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An anonymous reader writes: Microsoft Courier has lot of new features and it has a built-in camera, that’s why it will be the IPad or Ipod touch replacement ! Let’s take a look of the Microsoft Courier features and compare it with Apple Ipad.
Link to Original Source
Link to Original Source
NetBSD has already been ported to child hardware.
Did you actually follow the link and read the policy descriptions? That list is not policy descriptions, it's sound bites. There's significantly more detail on the site. Cynicism is an appropriate attitude to our political process and it's participants but if you don't take the opportunity to back it up with evidence it's just ignorance. So
... I'm not impressed by your lack of effort.
Michael J. Ross writes "Among the hundreds of content management systems (CMSs) available for building Web sites, Plone may not be the most popular; but for the majority of experienced Python developers, it is without equal. This is partly due to Plone being one of the few major CMSs written in Python, and partly due to its powerful extensibility. Customizing and extending Plone, however, are not for the faint of heart. Fortunately, help is at hand, in Professional Plone Development, a book written by seasoned Plone developer Martin Aspeli." Read below for the rest Of Michael's review.
JeremyDuffy writes "Michael Righi, the man who was arrested at Circuit City for failing to show his reciept/driver's license, has fought a moral battle against the city for almost a month now. The case has already been settled and he emerged victorious... sort of. It turns out that he's already spent almost $7500 and would have kept fighting them too, but because his family would have been dragged into it, he was forced to take a deal. They've expunged his record and dropped all charges, but he had to give up his right to sue the city to do it."
BoboB-69 writes "Daring Fireball has posted a humorous, and accurate PR-speak to Plain English translation of Macrovision's CEO's response to Steve Jobs' Open Letter on DRM. Highly recommended reading for slashdotters everywhere."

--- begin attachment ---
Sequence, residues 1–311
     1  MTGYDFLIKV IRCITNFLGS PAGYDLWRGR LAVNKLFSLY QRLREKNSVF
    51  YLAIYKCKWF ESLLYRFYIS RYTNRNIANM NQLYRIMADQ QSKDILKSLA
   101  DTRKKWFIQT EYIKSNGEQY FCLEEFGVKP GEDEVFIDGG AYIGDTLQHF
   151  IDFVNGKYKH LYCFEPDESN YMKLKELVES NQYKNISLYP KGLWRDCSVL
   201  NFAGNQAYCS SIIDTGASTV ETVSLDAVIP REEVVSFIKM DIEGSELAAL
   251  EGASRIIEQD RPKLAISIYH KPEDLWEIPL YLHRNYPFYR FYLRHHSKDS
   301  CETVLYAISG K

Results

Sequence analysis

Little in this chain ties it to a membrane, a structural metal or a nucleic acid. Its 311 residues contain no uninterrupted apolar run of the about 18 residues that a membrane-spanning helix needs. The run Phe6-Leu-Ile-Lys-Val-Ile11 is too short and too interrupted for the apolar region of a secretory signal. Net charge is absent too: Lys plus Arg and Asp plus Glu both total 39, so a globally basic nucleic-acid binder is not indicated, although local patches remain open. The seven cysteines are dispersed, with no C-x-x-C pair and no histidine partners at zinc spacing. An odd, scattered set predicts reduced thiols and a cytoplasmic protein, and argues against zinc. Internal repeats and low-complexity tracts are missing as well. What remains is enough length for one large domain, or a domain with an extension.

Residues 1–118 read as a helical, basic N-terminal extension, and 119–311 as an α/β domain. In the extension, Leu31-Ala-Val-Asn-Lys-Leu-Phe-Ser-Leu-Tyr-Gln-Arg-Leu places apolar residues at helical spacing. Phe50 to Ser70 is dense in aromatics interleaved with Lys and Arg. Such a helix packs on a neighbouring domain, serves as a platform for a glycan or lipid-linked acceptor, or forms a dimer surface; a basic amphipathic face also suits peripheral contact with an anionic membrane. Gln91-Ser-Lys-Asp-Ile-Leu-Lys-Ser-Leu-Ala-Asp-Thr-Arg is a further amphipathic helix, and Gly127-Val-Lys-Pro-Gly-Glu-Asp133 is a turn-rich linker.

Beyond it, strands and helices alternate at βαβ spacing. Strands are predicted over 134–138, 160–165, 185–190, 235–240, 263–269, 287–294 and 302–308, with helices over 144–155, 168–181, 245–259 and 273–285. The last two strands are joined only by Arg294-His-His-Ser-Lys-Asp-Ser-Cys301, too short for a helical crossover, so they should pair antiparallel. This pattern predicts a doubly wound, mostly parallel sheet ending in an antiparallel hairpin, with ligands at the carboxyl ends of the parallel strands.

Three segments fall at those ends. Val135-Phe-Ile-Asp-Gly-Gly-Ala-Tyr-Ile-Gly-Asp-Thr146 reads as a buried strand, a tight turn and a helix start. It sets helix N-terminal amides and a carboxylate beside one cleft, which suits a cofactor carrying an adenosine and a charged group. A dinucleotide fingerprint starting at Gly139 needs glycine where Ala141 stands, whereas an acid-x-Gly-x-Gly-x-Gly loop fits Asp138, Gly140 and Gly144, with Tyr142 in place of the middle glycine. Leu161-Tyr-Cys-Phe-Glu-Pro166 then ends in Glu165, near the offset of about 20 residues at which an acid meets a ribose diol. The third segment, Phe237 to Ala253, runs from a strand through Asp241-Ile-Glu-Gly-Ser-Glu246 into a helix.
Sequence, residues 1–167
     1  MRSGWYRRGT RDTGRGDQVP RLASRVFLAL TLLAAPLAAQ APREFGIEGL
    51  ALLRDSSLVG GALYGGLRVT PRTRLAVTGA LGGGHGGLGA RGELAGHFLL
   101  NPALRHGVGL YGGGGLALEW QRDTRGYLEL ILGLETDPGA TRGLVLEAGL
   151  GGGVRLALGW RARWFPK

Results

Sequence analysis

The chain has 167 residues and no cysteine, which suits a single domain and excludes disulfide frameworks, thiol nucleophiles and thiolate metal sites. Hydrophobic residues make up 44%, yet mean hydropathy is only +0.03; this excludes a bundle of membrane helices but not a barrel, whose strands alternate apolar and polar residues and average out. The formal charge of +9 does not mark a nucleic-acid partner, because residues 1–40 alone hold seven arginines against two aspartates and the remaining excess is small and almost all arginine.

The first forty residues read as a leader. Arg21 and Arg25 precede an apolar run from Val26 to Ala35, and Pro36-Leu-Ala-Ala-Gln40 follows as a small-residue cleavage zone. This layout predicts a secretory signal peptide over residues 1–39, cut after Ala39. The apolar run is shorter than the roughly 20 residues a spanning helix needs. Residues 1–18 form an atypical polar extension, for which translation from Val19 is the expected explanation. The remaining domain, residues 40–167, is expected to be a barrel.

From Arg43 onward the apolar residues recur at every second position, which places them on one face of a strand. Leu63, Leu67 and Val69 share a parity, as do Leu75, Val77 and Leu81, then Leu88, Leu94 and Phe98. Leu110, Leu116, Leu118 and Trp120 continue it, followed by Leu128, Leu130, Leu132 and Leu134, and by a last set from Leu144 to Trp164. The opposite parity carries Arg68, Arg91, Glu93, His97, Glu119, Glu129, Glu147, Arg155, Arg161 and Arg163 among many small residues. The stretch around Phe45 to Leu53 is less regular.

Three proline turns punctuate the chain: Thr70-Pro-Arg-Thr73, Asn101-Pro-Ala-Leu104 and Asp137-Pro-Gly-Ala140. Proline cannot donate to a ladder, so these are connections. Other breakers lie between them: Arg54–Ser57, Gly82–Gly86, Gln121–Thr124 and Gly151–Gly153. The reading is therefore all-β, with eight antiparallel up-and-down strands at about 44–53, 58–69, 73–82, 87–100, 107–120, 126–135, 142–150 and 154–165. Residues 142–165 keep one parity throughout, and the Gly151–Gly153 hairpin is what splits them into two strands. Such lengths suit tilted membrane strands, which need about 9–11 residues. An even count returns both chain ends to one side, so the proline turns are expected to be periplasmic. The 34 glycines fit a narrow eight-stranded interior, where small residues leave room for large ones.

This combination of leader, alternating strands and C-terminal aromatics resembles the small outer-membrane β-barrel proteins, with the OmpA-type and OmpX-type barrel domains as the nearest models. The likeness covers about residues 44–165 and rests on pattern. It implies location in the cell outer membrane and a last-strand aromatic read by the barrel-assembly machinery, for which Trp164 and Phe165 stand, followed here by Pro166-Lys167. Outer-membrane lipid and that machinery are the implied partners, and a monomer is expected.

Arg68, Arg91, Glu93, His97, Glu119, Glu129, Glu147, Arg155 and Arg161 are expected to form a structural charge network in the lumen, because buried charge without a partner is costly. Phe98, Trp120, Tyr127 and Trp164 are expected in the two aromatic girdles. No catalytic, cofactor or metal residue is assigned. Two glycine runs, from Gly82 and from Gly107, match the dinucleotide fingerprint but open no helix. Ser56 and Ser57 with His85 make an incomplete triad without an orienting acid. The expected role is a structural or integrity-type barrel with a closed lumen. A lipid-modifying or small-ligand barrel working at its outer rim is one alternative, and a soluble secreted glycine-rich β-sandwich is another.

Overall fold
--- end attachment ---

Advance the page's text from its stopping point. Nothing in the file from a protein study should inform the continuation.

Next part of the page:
waired writes "It seem that a trend has begun in the music industry after Steve Jobs essay. Now a senior Yahoo chief has spoken out in favor of Apple CEO Steve Jobs' call for major labels to abandon digital rights technology (DRM). It points out that consumers are getting confused and that the Microsoft DRM "doesn't work half the time"."
Arlen writes "As many as 17,000 people (according to police estimates) watched Senator Barack Obama officially announce his candidacy for President in Springfield, Illinois today. He mentioned several things that will interest readers of Slashdot. The Senator said he wanted to free America from 'the tyranny of oil' and went on to promote alternative energy sources such as ethanol — a popular stance in the Midwest where he announced, because of all the corn farmers. He also talked about using science and technology to help those with chronic diseases, which is likely to have been an allusion to his staunch support for stem cell research. Perhaps most of interest to readers here is the following statement halfway through Obama's speech: 'Let's invest in scientific research, and let's lay down broadband lines through the heart of inner cities and rural towns all across America. We can do that.' Like nearly everything in his speech, this was met with robust applause from the crowd. You can watch a video of the entire speech at Obama's website."
An anonymous reader writes "Mozart's year-long 250th birthday party is ending on a high note with the musical scores of his complete works available for the first time free on the Internet. Although most classical music is obviously too old to be under copyright, the rights to specific editions of pieces are owned by the publishers. Now, the International Mozart Foundation has acquired the right to publish the prestigious New Mozart Edition of every Mozart work on the internet. The response has been so overwhelming that the Foundation has been forced to increase their server capacity."
SurturZ writes "The Industrial Relations Commission of New South Wales, Australia, has ordered a company to reinstate an employee who downloaded porn onto a work laptop, even though it was in contravention of his workplace's code of conduct. From the article: the IRC said there was an 'air of automatically' about the annual signing off of employees on NCR's code of conduct, 'a degree of mechanical, unthinking routine in employees making a commitment to abide by the code.'" So, I think most of us can agree, porn at work == bad, but recognition that Click EULAs/other agreements are not binding is probably good. The question is — what replaces them?